When looking at internal conflicts in the book In the Time of the Butterflies one must look first at the girl Patria. Patria starts out with the most giving personality and struggles with a decision to become a nun. She frequently asks guidance on the issue as she feels very drawn to the state of serving God. However, when she discovers that she is attracted to males and wants to be with a particular boy, her struggle is resolved as she does not become a nun.
Another internal struggle Patria has is if she should join the underground movement like her sisters. She witnesses the jeopardy they find themselves in when she is taking care of their children while the two sisters are incarcerated. Her son enters into the movement and soon Patria realizes that she too must do something for her country.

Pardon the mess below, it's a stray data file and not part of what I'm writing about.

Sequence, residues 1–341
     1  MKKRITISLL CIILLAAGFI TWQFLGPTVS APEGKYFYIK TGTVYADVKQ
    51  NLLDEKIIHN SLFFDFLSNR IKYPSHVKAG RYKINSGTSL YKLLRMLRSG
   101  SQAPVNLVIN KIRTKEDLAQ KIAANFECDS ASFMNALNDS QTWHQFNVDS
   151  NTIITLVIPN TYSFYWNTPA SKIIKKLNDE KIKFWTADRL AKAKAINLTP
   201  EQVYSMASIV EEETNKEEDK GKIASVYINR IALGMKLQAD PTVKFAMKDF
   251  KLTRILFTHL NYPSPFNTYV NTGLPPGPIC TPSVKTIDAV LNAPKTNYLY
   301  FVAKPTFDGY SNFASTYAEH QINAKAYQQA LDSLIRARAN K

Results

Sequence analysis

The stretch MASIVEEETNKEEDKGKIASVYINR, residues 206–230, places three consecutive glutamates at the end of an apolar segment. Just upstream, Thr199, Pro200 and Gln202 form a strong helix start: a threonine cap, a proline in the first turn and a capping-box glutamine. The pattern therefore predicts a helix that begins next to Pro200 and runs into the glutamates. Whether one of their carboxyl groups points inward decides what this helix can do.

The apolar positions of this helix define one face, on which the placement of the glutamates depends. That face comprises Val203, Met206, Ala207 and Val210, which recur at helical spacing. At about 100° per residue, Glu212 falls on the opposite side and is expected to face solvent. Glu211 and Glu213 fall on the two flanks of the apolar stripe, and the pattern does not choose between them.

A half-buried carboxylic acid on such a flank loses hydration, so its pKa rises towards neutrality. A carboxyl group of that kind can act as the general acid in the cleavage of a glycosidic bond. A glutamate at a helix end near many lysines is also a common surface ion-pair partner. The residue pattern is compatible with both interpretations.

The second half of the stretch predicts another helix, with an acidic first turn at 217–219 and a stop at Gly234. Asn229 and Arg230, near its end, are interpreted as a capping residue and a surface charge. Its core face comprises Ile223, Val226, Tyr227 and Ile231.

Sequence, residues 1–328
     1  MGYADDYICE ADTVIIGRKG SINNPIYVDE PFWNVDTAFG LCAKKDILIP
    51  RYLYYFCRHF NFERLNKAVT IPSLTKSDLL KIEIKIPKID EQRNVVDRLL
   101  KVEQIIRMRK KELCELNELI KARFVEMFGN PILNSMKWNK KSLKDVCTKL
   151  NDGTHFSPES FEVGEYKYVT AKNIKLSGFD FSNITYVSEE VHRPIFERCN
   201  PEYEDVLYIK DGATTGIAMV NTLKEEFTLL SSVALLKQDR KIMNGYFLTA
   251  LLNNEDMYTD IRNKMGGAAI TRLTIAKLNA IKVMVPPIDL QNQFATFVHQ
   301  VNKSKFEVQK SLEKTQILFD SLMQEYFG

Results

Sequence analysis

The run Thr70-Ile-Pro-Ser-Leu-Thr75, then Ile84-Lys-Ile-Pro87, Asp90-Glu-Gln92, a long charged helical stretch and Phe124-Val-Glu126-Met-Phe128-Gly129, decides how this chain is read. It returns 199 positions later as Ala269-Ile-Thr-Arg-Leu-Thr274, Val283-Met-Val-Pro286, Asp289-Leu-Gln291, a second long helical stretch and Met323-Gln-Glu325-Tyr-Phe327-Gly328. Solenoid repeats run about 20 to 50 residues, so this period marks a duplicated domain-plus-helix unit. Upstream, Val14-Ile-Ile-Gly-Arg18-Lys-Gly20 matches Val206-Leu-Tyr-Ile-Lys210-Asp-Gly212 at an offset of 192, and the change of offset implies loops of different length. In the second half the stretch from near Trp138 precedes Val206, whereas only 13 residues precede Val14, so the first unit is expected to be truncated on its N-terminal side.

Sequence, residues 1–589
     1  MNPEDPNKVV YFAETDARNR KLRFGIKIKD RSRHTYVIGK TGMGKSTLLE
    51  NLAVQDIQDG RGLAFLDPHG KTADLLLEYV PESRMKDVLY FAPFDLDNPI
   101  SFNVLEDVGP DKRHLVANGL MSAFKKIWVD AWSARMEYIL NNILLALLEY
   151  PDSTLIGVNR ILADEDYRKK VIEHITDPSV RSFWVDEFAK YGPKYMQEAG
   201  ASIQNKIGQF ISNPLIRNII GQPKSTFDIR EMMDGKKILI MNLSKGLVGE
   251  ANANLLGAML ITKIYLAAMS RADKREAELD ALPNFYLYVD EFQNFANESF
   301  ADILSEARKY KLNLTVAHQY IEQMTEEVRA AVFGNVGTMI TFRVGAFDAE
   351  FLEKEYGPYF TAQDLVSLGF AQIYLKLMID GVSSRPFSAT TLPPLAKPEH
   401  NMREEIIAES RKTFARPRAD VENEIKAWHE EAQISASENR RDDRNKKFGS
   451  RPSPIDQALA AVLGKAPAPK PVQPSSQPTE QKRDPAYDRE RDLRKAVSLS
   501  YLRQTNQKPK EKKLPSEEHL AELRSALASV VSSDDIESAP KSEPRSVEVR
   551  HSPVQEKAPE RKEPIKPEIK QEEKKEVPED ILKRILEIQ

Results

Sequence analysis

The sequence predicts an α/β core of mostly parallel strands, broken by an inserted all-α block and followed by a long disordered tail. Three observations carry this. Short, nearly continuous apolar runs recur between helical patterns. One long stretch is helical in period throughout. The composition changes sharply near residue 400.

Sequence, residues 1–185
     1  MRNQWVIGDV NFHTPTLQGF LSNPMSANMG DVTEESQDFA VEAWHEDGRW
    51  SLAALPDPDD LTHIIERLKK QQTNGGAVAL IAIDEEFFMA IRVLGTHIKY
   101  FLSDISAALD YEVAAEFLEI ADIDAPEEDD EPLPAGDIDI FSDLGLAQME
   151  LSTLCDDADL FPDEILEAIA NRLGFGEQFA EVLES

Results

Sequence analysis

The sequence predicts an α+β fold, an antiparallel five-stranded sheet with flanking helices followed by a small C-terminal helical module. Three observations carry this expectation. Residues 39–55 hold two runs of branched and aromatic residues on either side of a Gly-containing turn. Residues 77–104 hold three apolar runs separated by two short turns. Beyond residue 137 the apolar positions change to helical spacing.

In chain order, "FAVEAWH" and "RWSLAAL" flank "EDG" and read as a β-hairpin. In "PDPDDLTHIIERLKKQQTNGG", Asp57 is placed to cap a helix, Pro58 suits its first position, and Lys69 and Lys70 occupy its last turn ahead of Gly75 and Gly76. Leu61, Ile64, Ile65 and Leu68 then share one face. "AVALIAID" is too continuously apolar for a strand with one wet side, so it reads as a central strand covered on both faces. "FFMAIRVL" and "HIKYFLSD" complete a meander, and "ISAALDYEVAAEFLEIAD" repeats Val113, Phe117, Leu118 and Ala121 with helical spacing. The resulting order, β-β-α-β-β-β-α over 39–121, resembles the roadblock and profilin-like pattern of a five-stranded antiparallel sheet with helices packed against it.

The external struggle is evident by the way that the current ruler controls the people. He likes young women whose lives he ruins by putting them up and using them for sex until he tires of them. He takes the girl out of school who Minerva knows. Then he tries to seduce Minerva who refuses his touches. He is angry and places pressure on her father by arresting him. He demonstrates his power and reduces the father to a childlike state. The man is shaken and no longer copes. His rule is not resolved during the book until he is later thrown out.